The Aussie has fought against the odds all his life and admits he is lucky to be alive after suffering chronic asthma as a kid.
There were times when his parents came close to losing him, but the fighter inside saw him through more than his fair share of dark days.
He revealed: "I had a lot of really bad asthma as a kid, being in hospital, missing school. Sport was one thing I was good at but I was always in trouble with asthma. I am still a bad asthmatic brought on by allergic reactions and not exercise.
As a kid it wasn't easy with the asthma but it is something that I have learned to live with.
I learned to live with disappointment but number one is my health. I carry my asthma medications with me everywhere, I won't leave the house without it, that's how it is for me these days. I carry my inhaler with me everywhere, even if I am just going to the shopping centre, just in case...
I was in hospital a lot as a kid, basically sitting on the bed with the machine that helps asthmatics breath there. It was to keep me going. There was one occasion when I was about 15 and I was rushed to hospital so they could pump me full of drugs to keep me alive.
I suppose you could call it uncontrollable at the time and maybe that is why I am so obsessed with carrying my meds with me everywhere. For some reason I never really worried about it as a kid - I developed an 'if it happened it happened' mentality. But looking back now, there were a lot of close touches.
De Mori even took the drastic step of quitting Australia to live in Croatia because his condition eased considerably there.
He explained: "Now I am living in Croatia in a city called Split and one of the main reasons is that my asthma is much better there.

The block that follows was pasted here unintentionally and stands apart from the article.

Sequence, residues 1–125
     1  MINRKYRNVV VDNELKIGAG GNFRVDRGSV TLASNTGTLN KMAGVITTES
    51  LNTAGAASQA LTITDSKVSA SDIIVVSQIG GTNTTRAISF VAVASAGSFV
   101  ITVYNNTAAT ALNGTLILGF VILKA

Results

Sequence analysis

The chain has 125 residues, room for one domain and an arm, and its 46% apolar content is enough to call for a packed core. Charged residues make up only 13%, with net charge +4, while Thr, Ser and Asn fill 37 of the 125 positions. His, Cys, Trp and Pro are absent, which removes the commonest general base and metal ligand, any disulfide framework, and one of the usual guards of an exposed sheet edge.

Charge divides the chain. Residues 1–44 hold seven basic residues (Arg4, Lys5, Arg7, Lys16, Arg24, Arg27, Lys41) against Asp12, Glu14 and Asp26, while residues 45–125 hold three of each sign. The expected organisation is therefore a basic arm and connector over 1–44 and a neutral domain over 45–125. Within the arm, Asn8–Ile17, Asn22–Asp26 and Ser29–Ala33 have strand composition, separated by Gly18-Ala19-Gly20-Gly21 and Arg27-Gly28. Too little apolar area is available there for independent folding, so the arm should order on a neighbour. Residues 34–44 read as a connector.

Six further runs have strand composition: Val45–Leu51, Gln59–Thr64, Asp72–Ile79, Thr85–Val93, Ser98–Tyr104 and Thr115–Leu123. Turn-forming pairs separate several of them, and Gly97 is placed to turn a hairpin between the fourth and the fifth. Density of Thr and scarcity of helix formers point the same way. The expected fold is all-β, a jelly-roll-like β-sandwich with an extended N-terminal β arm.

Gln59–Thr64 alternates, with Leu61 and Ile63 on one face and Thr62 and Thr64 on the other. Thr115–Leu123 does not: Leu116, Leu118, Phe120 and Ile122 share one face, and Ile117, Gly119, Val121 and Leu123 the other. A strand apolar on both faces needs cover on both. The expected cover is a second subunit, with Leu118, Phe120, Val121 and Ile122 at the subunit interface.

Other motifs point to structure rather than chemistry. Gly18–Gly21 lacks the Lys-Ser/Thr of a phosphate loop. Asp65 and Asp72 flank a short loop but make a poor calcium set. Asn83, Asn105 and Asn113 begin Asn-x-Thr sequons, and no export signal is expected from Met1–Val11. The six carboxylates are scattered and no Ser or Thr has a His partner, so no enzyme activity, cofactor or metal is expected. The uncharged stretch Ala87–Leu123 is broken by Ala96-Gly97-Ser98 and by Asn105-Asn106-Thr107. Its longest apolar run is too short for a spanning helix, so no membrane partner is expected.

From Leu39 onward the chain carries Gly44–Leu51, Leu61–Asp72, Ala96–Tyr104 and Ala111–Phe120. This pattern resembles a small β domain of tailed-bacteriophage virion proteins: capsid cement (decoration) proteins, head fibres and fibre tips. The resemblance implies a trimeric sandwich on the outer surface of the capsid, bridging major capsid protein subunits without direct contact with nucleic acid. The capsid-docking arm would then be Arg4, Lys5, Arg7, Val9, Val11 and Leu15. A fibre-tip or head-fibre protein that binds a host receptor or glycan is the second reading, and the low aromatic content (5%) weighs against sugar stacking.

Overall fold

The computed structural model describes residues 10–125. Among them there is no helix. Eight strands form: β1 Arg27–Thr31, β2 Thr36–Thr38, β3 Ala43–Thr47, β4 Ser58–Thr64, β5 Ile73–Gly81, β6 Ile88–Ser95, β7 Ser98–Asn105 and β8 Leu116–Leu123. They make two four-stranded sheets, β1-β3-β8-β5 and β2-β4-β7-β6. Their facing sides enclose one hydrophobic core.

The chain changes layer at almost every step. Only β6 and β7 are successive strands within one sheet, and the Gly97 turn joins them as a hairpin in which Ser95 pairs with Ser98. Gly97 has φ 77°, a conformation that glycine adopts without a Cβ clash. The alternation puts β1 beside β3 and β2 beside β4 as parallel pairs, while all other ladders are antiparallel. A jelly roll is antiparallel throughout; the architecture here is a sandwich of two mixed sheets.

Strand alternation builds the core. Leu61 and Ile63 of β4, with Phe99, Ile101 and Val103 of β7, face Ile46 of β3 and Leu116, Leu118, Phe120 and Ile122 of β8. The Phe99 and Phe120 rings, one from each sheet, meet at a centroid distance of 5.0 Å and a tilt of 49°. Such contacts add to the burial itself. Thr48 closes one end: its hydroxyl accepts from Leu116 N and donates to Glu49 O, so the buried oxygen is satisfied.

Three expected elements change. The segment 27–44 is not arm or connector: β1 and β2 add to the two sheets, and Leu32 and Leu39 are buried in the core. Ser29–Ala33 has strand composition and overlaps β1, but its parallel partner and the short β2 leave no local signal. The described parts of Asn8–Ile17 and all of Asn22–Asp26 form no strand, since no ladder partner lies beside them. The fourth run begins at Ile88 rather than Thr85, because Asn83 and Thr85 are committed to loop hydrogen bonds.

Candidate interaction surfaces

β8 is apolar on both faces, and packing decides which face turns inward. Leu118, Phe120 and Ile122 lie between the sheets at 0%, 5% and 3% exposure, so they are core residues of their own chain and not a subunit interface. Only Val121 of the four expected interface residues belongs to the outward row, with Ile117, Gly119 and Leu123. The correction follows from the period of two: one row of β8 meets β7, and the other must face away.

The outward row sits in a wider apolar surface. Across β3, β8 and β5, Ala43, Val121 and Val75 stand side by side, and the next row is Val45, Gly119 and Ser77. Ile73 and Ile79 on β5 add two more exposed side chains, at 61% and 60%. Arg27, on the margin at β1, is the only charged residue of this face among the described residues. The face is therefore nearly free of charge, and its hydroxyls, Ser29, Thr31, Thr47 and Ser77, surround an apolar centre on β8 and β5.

In Australia it is a lot worse, certain places I go, I notice within the first three hours how my asthma is going to be.
Why is it better in some place than others? Well I guess it is to do with the pollen from the flowers or the trees and dust as well. I just have to be really careful."
De Mori knows he will have to be really careful against Haye, and that he doesn't get caught cold on the Hayemaker's ring return after three years out.
He said: "Haye is obviously the favourite and everyone knows who he is. Even if I am extremely nervous before a fight I know what my character is and as soon as that bell goes, I just fight with all my heart.
I've gone into fights with injuries that I've hidden but still fought with my all my heart. Whatever the pressure or people booing me the bell goes and I give my best.
We have all seen fantastic fighters who have the athletic ability, stamina, strength and size but they can't handle the big time atmosphere, the big moment and they just crumble. I guess I have an inner confidence to fight.
I know Haye will come out and hit me with a shot that will hurt but he is going to feel me fight back.
I won't be falling over or looking for a way out. I won't be charging in there with my chin hanging out.
A lot people over look me because they don't know me. But when they watch me spar, they know I have a good jab, a good defence and am very crafty.
If people want to believe I am limited because of the way I am built, they don't really see the other qualities I have. That suits me. It's the biggest fight of my life, not the biggest of Haye's, not like when he fought Wladimir Klitschko.
Now he has a new trainer, three years out, maybe a bit rusty...who knows what will happen when the first bell goes?"